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These photos have been around and some are still in some blog probably, but I have not made simulations. This was seen in the beginning of November 2007 in Rovaniemi, my second experiment to make halos with portable spotlight. And it was good! Even in the middle of this all light pollution near the center of the city the display was strong.
Different views of the display are given above but the attention here is towards the anthelic arcs in the third and fourth image. There is a combination of diffuse and Tricker anthelic arcs, which together with the subhelic arc make some people see a ruminant skull in the third image. Now a good Tricker arc like this in spotlight displays is quite rare, usually it is the diffuse arcs that dominate and Tricker is almost non-existent. The simulations of this display were made with regular hexagons (with little variation allowed) that had on average aspect ratio 0.9, which is already more plate than column crystal (last image). This created the Tricker and diffuse arc combination as close to the photo as possible. It does not stand close scrutiny, but that's the best I got. Simulations are made with Jukka Ruoskanen's HaloPoint software.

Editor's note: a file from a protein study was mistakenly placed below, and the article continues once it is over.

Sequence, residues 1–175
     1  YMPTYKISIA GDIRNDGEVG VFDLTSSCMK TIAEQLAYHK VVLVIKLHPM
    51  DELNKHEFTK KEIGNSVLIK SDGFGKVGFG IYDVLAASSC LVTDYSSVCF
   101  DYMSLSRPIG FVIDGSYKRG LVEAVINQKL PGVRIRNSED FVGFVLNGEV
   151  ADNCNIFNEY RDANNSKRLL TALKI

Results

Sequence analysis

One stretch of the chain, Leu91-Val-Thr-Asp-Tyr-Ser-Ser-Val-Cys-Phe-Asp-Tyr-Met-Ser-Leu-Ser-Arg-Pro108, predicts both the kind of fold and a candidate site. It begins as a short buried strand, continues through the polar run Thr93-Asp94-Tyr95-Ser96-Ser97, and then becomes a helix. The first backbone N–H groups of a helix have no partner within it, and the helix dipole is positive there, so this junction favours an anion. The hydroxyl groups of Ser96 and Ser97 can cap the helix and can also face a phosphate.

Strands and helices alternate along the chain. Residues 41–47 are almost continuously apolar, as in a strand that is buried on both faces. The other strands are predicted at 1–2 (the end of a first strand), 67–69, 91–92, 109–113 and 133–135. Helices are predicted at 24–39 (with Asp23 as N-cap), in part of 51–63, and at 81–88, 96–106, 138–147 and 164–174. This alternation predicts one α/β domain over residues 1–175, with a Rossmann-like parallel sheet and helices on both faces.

The diffuse arc is mainly composed of two components, diffuse-A and B, which can be called also as Tränkle and Greenler, who found these halos in the computer simulations. But it is known that there is more diffuse arcs components, in sixth image I have dissected them into four components, A, B, C and D. Thusfar we have been only able to distinquish A and B in photos of the spotlight halo displays, the C and D are weak and get mixed with the main components. But perhaps here one can see the influence of diffuse C in the photo. The seventh image gives a comparison with simulations where are all four components and the C component removed. The difference between the simulations is subtle, but maybe there is a slight indication that diffuse C may play here a little part in strenghtening the diffuse A.